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The COVID-19 pandemic has highlighted some of the deficiencies and inequalities in our current healthcare systems. Recognizing current medical shortcomings and looking to the future (by 2030, California’s over-60 population is projected to grow to 10.8 million), California has created a plan to get ahead of the problem. In June 2019, California Governor Gavin Newsom signed an executive order requiring the state of California to create a Master Plan for Aging. The state released the Master Plan for Aging in January 2021 with lofty goals for creating an aging-friendly society by 2030. 

What is the Master Plan for Aging?

As discussed, the population of California is aging. There are shortcomings in not only our medical system’s ability to handle the needs of the aging population but also in its ability to finance them. 

The 5 Goals for 2030:

NOTE: This section is a summary of the 5 goals presented by the California Master Plan for Aging. This summary is sourced from this link

Goal 1: Housing for All Stages & Ages

“We will live where we choose as we age in communities that are age-, disability-, and dementia-friendly and climate- and disaster-ready.” (Source)

These communities are to be designed with age in mind – considering the different stages of life and what they mean for things like accessibility, transportation options, safety, lifestyle, family size, climate and emergency responsiveness, etc.

Goal 2: Health Reimagined.

“We will have access to the services we need to live at home in our communities and to optimize our health and quality of life.” (Source)

Nearly half of Californians will suffer from one or more chronic illnesses at some point in their life. The goal of “health reimagined” is to remove barriers to equal access in health services for minority populations and increase both life expectancy and quality of life.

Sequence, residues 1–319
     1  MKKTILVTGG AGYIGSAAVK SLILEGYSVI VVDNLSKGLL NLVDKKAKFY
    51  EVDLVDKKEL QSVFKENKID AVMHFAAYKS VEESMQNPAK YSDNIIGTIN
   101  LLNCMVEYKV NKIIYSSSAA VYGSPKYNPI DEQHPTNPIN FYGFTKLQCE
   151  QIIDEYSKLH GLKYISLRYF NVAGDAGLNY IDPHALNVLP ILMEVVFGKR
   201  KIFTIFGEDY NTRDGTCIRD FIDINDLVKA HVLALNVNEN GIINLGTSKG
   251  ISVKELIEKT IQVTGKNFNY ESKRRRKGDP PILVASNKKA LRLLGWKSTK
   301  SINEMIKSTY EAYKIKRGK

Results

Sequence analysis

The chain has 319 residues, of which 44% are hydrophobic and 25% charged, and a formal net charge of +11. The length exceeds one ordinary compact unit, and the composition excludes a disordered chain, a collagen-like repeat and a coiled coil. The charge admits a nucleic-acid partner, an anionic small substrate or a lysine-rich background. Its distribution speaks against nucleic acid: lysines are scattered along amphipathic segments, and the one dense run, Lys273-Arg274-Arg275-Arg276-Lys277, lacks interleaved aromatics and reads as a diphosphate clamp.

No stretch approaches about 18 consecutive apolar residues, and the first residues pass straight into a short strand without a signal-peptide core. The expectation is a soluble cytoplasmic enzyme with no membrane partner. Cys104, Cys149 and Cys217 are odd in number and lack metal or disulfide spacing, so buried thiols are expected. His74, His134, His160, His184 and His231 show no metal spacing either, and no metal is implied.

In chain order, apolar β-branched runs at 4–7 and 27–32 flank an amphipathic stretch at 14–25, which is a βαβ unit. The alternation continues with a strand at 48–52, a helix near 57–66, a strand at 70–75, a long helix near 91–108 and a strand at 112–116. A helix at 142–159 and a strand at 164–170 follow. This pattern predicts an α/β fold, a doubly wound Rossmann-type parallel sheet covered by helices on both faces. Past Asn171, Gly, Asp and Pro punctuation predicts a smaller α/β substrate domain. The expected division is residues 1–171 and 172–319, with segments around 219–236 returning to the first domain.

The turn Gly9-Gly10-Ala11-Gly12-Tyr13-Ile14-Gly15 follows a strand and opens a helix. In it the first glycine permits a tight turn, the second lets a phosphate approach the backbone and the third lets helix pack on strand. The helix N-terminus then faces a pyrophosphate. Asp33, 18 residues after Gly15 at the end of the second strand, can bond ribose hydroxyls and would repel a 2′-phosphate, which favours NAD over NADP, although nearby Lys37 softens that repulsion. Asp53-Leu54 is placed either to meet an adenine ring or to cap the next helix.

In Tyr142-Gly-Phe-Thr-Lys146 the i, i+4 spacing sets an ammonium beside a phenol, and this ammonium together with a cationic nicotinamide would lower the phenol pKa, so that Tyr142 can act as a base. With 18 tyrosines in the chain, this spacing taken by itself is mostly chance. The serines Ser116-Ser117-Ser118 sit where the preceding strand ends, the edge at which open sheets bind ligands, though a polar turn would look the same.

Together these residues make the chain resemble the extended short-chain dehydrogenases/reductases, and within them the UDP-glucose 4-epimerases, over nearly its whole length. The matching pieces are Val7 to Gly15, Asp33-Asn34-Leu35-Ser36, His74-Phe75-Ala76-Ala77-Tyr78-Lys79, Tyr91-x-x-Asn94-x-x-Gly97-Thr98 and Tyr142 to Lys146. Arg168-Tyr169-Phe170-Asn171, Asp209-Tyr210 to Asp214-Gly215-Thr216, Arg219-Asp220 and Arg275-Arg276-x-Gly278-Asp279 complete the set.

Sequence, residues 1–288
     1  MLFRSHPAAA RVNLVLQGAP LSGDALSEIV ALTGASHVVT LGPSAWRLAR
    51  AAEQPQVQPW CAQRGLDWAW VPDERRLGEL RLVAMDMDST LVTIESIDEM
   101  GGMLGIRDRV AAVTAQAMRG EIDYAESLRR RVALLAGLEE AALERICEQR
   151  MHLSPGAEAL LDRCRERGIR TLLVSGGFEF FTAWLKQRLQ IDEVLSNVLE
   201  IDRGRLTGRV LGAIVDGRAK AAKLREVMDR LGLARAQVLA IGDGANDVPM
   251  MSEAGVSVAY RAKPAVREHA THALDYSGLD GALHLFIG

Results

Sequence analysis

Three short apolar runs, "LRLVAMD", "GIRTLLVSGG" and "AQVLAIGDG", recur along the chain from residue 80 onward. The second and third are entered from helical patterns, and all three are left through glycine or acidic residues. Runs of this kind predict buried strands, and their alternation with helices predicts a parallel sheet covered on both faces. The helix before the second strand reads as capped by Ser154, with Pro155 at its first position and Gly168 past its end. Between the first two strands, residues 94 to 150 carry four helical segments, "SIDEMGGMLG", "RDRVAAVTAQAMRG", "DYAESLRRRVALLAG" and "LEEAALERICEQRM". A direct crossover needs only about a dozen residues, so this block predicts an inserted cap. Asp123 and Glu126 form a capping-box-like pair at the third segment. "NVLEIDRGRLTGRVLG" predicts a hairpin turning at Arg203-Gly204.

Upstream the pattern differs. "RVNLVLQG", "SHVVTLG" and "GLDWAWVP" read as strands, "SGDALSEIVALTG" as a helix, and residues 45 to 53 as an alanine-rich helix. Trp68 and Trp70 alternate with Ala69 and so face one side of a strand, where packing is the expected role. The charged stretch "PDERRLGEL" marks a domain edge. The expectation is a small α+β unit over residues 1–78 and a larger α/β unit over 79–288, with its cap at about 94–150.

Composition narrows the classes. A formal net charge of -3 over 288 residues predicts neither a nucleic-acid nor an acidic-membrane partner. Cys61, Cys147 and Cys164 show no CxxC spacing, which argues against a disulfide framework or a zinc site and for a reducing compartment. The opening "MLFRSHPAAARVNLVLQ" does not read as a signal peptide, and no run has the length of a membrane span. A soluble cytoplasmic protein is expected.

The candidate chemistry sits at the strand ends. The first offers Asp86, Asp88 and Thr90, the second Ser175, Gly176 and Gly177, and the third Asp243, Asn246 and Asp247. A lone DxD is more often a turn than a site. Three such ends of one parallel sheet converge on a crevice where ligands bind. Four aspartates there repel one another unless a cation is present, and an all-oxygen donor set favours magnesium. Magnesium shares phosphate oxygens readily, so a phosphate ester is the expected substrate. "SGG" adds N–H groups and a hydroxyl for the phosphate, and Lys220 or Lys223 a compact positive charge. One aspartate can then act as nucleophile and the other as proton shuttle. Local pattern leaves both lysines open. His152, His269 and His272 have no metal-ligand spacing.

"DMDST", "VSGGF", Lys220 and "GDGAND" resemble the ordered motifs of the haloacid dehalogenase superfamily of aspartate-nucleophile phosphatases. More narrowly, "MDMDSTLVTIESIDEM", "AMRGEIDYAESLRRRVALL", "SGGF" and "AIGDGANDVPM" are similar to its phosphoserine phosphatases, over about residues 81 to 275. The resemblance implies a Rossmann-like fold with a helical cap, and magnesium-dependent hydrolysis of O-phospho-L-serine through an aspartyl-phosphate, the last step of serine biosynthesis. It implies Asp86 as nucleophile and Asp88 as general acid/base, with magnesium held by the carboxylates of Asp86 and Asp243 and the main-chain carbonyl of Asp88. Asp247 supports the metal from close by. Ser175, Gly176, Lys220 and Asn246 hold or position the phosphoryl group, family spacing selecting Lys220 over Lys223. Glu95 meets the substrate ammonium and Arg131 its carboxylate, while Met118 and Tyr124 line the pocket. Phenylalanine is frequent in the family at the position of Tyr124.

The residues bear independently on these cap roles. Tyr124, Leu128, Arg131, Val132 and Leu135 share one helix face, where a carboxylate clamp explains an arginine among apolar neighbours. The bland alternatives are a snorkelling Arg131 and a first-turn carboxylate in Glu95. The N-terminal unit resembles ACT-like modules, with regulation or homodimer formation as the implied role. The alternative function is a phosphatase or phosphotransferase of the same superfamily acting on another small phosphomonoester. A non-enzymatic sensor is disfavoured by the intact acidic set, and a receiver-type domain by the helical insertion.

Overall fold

Goal 3: Inclusion & Equity, Not Isolation.

“We will have lifelong opportunities for work, volunteering, engagement, and leadership and will be protected from isolation, discrimination, abuse, neglect, and exploitation.” (Source)

This goal targets the problem of isolation in our elderly communities by working to improve equality (remove discrimination) of all types, close the technology gap that exists between older and younger generations, tackle elder abuse, and increase opportunities for our elderly to engage in meaningful work (paid or volunteer).

Goal 4: Caregiving that Works

“We will be prepared for and supported through the rewards and challenges of caring for aging loved ones.” (Source)

Our unpaid California caregivers are valued at $63 billion each year and they are often undertrained (or completely untrained). California hopes to change that by creating 1 million high-quality caregiving jobs by 2030. They also plan to expand access to telehealth and remove inequalities that leave our communities of color in a disadvantaged position.

Goal 5: Affording Aging

“We will have economic security for as long as we live.” (Source)

As we age, our economic prospects decrease and almost half of all Americans over the age of 55 do not have adequate savings for retirement. California is taking steps to end homelessness for our elderly, protect against poverty and hunger, as well as work with employers and the federal government to create new retirement savings programs.

How are the California Caregiver Resource Centers Supporting These Efforts?

The implementation of the ambitious Master Plan on Aging will require intense coordination between the many stakeholders. These stakeholders include (but are not limited to) state, local, and federal governments, as well as employers, activist groups, and organizations.

At CRC, we plan to do our part in seeing this initiative to its successful completion by providing resources to unpaid caregivers, supporting initiatives for improvement, and collaborating with the state of California where possible. We are excited to see this initiative take shape over the next several years and will be there to support it wherever we can.

If you provide regular care to your loved one, we are here for you. As a caregiver, you’re faced with new challenges every day. The California Caregiver Resource Centers are a network of eleven independent 501(c)3 not-for-profit organizations across California. They were created with you both in mind and at heart to be a free resource as you navigate the challenging role you’re in. We would love to connect you with your local Center, where they can talk more about local programs for caregivers, answer your questions, and explain how they can best support you.

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